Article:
Hagley Road to Ladywood, "a peek into media culture & society"

July 20, 2008


I was 13 years old when i discovered The Cure in the summer of 1996. At the time I was listening to Britpop trite like Blur and cookie-cutter acts like The Prodigy, i was young and didn't know any better. But one morning I saw the video for Lovesong and I was stunned. The music was like nothing i had ever heard, poppy but with an extremely dark twist. The image of Robert Smith, with his teased out hair, black eyes and smeared red lips just blew me away. I knew straight away that this was a band worth investigating, so I went out and bought every Cure album that HMV had in stock and listened to them religously throughout the summer weeks. I even phoned my local radio station and told them it was my birthday just so they would play Friday I'm In Love!

I will never forget the experience of hearing the Disintegration album that first time in my bedroom at home. I felt the same as any Bowie-head felt the first time they heard Ziggy Stardust And The Spiders From Mars - elated, euphoric, emotional. I have never felt such a rush listening to an album before or since Disintegration. It is, in my opinion, the greatest album ever made. However, 1996 was not an ideal year in which to be a Cure fan. They had returned that year after a three year absence with an album called, Wild Mood Swings. This was an album that i liked (if not loved) very much, but it was mauled by the critics and sank without trace within two or three weeks of its release, rendering the band completely obsolete in their native England. You see, this was the year of Oasis, 60s-style guitar rock with a thuggish swagger. Good old-fashioned sex, drugs and rock'n'roll and idiotic phrases like "Mad For It!" were all the rage in both the UK and Ireland.

A young, Irish teenager, walking the streets of Cork in a Cure T-shirt and brandishing a doomed-out facial expression was bound to raise a few eyebrows! Cure fans delve a lot deeper than your average rock fan, the Cure's music influenced us to ponder about unattainable love and the harsh realities of life. Because of this i never stood much of a chance in school, i was always that "strange kid" in the corner.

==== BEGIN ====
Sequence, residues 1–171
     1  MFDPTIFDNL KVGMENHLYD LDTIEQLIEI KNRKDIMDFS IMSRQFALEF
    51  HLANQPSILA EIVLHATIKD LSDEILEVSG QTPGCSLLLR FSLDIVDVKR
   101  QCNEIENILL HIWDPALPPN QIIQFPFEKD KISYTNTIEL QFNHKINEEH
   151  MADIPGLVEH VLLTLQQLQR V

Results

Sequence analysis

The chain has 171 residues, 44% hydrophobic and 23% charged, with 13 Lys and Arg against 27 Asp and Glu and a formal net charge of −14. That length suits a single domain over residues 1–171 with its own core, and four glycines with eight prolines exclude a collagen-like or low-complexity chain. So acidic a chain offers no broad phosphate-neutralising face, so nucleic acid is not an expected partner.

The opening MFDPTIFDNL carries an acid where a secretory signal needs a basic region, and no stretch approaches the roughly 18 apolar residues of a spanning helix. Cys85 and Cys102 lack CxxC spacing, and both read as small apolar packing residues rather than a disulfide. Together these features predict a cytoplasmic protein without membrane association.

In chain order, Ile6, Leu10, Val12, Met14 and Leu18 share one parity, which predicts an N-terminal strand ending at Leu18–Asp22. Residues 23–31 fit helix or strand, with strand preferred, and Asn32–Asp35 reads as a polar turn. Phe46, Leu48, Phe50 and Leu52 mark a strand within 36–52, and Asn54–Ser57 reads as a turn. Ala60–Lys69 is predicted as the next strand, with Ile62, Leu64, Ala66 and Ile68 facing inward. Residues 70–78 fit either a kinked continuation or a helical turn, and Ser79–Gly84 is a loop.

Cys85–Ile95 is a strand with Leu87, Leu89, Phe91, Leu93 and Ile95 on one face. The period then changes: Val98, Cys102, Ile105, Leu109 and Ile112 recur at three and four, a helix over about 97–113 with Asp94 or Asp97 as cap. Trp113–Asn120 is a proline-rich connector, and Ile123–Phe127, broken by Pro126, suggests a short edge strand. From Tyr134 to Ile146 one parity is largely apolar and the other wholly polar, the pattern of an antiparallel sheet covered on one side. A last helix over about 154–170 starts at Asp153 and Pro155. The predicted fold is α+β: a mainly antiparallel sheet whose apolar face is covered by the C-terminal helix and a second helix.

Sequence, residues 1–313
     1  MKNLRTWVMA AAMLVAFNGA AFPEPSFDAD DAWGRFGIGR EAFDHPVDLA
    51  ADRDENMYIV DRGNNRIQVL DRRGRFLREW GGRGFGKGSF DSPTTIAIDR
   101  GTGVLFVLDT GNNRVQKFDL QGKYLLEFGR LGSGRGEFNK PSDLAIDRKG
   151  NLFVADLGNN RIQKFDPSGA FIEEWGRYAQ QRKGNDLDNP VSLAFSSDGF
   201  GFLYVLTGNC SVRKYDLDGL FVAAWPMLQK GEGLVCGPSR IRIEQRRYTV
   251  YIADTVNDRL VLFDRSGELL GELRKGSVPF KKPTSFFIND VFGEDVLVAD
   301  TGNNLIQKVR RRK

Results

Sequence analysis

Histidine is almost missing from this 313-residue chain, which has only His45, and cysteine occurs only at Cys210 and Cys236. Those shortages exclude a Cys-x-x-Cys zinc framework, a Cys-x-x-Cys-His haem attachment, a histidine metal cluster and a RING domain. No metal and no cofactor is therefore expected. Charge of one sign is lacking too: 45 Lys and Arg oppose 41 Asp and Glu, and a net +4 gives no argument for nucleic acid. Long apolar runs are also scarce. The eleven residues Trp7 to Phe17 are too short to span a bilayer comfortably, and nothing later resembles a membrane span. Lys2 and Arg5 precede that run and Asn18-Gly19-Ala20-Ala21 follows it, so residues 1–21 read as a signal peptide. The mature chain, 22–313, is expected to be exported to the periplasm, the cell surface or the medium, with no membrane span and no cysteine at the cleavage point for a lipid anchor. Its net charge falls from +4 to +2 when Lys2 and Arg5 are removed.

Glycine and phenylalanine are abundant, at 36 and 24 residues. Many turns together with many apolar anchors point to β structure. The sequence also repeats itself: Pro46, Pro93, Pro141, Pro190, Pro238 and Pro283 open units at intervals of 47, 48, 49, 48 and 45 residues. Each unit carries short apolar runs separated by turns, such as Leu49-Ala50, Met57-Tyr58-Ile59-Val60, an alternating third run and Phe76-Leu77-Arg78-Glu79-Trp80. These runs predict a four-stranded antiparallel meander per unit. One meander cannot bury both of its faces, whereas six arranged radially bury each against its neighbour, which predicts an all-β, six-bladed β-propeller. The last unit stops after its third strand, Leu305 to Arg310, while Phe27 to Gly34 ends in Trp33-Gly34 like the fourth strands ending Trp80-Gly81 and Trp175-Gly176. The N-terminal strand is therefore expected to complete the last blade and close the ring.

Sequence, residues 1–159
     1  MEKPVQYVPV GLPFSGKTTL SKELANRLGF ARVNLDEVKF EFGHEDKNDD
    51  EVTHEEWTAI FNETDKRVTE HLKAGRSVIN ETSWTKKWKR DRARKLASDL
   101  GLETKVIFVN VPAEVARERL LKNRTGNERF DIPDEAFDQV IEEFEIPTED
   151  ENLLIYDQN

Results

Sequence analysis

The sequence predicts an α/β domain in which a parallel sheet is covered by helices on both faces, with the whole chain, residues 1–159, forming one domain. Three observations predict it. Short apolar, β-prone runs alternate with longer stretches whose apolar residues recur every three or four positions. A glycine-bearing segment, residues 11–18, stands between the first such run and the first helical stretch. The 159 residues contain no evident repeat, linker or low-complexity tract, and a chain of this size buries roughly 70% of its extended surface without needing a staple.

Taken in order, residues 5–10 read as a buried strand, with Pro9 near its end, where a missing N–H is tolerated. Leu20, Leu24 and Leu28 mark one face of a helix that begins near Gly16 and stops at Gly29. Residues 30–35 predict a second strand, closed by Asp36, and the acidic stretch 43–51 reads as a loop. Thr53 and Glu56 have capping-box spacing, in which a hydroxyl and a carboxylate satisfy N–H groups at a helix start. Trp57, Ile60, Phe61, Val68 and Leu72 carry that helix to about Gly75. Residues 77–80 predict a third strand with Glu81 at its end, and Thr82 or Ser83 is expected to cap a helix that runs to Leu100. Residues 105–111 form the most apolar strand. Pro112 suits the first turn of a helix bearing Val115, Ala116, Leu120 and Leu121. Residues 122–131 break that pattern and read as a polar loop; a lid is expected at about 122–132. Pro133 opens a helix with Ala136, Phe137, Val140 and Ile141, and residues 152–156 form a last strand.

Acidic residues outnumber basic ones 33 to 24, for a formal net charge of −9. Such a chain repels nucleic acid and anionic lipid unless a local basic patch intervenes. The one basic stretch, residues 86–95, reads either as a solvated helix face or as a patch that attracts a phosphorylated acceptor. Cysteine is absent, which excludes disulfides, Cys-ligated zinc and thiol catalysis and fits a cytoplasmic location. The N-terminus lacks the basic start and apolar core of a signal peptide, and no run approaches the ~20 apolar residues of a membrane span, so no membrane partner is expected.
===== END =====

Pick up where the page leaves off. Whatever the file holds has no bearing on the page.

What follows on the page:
If there was ever a moment when it seemed certain that the Cure belonged whole-heartedly to their legion of hardcore fans and completely seperate from the general, music-loving public, it was in June 1997, when they "headlined" a KROQ festival in Irvine, California "ahead" of both Oasis and Radiohead. Both the NME and the Melody Maker managed to review this one-off festival show and praised the Gallaghers and Radiohead to the hilt, whilst not even mentioning the headliner, what a bunch of snobs. As the years went on, the Cure drifted even further into obscurity, no longer an integral part of the music world, it was hard not to feel as if i had missed the boat so to speak. It was during this time that the band released what i believe was their last "great" album, 2000's Bloodflowers. It was the last CD that i remember listening to with that great sense of anticipation and almost tearful euphoria. Fast forward to the summer of 2004, i'm 21 years old, i have a full-time job where i have to abandon my black-clad wardrobe for the shirt and tie, i have grown, but I am still hurt and confused much the same way as during my adolesence. I still need my life soundtrack, i still need the Cure. Or so I thought.